This indicates that far too many parents are being provided a false choice between a traditional public school and a failing charter school. That's a choice that Ohio's scarce education tax dollars should not be subsidizing.Building off of this study, CREDO's recently release study of charter schools found
- Because of the $774 million deducted from traditional public schools in FY 2012 to fund charters, children in traditional public schools received, on average, $235 (or 6.5%) less state aid than the state itself said they needed.
- More than 90% of the money sent to rated charter schools in the 2011-2012 school year went to charters that on average score significantly lower on the Performance Index Score than the public schools students had left.
- Over 40% of state funding for charters in 2011-2012 ($326 million) was transferred from traditional public districts that performed better on both the State Report Card and Performance Index.
Clearly, if we are to be evidence based, Ohio charter schools with a history of poor performance should cease to receive tax payer funding, and Ohio's charter school accountability laws should be stiffened to prevent failed charter schools from simply reopening under a different name, as is currently happening according to a report by Policy Matters Ohio.Making Ohio's charter school more acocuntable, and permanently closing charter schools that underperform their traditional public school counterparts should be a priority in HB59 given that we are now spending close to $1 billion a year on charter schools.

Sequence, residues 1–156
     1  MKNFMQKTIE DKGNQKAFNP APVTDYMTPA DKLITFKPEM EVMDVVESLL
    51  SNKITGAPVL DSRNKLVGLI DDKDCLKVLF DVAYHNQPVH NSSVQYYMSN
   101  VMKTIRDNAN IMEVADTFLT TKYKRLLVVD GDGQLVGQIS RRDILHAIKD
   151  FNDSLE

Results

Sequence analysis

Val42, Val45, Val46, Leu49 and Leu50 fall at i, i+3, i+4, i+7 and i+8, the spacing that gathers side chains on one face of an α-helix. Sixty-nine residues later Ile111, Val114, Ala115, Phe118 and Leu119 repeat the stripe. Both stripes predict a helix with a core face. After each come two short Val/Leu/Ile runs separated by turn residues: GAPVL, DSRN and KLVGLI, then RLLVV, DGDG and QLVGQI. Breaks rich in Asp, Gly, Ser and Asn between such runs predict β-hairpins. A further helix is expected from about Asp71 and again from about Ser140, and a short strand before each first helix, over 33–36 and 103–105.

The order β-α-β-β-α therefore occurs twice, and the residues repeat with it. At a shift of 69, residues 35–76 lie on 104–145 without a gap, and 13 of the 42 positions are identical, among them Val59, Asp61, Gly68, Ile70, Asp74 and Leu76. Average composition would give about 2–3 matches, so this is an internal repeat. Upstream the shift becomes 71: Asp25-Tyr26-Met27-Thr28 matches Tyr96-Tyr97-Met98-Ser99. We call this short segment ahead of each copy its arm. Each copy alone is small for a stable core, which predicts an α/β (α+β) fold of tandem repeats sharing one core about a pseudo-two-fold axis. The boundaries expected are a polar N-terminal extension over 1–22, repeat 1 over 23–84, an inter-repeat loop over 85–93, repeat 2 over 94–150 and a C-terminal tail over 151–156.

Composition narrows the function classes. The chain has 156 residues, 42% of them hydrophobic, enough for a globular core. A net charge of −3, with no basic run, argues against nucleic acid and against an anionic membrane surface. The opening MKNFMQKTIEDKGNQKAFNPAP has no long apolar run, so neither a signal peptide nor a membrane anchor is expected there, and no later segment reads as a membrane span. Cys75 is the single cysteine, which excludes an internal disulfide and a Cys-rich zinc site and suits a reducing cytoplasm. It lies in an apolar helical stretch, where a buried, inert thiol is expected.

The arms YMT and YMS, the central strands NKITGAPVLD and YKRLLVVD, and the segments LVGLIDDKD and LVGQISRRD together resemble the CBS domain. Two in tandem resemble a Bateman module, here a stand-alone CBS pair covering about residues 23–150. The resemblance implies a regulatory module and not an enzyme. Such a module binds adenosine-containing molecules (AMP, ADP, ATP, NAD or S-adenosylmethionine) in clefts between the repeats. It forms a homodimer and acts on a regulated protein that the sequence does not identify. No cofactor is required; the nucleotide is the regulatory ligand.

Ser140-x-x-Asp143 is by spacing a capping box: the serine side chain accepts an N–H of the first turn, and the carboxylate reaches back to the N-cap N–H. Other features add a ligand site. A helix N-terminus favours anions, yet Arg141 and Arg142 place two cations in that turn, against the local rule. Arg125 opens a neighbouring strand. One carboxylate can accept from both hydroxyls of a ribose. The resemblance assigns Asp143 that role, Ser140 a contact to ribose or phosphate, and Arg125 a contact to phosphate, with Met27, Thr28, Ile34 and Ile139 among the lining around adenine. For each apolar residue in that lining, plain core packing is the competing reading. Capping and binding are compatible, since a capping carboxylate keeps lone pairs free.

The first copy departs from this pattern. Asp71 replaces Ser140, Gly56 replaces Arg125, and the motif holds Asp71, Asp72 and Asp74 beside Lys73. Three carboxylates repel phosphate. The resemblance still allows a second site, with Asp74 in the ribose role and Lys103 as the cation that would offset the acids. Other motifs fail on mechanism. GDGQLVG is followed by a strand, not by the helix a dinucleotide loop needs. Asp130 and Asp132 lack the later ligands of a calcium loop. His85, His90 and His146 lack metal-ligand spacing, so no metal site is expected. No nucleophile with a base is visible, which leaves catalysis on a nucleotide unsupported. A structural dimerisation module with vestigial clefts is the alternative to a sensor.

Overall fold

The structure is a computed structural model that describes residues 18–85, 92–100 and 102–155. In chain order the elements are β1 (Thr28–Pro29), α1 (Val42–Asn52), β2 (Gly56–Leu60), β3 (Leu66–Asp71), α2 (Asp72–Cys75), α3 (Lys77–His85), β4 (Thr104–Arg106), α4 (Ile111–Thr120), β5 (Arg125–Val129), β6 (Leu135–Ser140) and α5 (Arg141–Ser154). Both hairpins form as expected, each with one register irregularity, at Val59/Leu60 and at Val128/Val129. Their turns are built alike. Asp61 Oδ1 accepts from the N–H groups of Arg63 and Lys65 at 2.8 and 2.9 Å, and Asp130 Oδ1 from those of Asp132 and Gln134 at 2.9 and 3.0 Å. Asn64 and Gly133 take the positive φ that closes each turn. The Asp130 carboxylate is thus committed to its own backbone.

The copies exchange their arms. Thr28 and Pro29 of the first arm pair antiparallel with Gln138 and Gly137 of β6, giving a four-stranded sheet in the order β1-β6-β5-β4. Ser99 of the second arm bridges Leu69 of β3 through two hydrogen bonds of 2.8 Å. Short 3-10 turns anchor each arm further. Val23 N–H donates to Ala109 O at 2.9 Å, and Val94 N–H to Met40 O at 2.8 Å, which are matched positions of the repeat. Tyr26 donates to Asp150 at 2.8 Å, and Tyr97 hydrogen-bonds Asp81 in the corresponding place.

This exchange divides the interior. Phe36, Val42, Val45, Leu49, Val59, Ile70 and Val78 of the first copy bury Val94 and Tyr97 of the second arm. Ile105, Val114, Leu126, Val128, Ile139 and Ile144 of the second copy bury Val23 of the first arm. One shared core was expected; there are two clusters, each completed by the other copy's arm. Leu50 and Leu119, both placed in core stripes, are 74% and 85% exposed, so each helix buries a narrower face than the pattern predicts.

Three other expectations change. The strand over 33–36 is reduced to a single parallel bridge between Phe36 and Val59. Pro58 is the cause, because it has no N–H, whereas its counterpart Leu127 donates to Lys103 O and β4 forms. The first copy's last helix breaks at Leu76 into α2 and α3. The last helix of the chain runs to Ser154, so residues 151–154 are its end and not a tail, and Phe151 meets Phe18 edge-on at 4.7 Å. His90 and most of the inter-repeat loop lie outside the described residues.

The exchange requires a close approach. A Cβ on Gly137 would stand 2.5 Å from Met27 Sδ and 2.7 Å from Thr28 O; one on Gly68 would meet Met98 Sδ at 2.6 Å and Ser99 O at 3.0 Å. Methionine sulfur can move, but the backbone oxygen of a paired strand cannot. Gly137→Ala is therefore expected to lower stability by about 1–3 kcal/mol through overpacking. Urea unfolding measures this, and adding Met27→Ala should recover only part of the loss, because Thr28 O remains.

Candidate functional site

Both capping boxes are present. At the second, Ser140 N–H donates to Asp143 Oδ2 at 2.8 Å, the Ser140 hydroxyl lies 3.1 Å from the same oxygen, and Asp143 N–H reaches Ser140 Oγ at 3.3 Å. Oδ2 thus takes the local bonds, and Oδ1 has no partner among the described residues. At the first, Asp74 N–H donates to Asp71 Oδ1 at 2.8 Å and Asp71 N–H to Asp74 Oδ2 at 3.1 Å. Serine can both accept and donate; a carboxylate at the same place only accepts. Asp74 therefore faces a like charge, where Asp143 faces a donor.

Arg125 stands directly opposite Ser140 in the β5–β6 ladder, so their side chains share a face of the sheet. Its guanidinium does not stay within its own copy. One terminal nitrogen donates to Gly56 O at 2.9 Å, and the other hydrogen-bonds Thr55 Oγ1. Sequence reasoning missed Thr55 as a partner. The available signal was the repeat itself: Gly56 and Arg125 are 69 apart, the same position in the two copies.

“This report’s findings challenge the conventional wisdom that a young underperforming school will improve if given time. Our research shows that if you start wobbly, chances are you’ll stay wobbly,” said Dr. Margaret Raymond, CREDO’s director and the study’s lead author. “Similarly, if a school is successful in producing strong academic progress from the start, our analysis shows it will remain a strong and successful school.” “We have solid evidence that high quality is possible from the outset,” Dr. Raymond said. “Since the study also shows that the majority of charter management organizations produce consistent quality through their portfolios – regardless of the actual level of quality – policy makers will want to assure that charter schools that replicate have proven models of success.”